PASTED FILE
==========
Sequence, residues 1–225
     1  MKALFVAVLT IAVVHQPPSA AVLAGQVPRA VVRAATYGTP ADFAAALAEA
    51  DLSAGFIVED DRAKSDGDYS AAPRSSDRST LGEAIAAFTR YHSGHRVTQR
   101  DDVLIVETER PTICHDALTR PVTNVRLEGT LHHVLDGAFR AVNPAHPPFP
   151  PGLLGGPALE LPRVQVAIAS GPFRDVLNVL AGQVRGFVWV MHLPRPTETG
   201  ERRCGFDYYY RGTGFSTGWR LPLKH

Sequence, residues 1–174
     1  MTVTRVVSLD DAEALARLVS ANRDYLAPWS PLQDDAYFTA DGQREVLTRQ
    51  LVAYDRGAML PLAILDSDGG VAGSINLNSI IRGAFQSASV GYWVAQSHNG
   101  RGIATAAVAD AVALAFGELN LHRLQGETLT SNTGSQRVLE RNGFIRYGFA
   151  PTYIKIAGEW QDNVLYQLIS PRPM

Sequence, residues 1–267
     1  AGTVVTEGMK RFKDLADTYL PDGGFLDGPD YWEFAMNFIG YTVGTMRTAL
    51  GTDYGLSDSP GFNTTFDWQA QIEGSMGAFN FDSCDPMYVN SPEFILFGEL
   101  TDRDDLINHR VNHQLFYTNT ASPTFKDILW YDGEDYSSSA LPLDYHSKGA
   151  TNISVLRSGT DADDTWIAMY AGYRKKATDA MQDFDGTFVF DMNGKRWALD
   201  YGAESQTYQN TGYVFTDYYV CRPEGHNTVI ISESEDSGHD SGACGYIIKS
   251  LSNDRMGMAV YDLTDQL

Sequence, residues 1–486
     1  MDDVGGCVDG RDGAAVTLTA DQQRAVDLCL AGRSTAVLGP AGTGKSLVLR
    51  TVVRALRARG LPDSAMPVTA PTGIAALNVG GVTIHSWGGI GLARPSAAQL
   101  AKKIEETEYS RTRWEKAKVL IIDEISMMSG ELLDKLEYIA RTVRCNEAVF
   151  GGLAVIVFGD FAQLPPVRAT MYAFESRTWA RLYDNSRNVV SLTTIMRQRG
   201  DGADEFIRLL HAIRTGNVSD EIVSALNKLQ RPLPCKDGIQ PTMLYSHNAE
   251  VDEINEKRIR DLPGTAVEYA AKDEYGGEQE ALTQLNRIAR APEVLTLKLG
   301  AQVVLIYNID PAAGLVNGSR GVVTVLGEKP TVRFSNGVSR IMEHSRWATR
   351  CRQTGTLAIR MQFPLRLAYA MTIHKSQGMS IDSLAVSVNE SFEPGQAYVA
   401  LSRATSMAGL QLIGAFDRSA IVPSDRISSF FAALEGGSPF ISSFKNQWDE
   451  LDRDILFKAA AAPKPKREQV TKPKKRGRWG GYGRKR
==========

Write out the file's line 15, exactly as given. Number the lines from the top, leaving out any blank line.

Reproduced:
   101  TDRDDLINHR VNHQLFYTNT ASPTFKDILW YDGEDYSSSA LPLDYHSKGA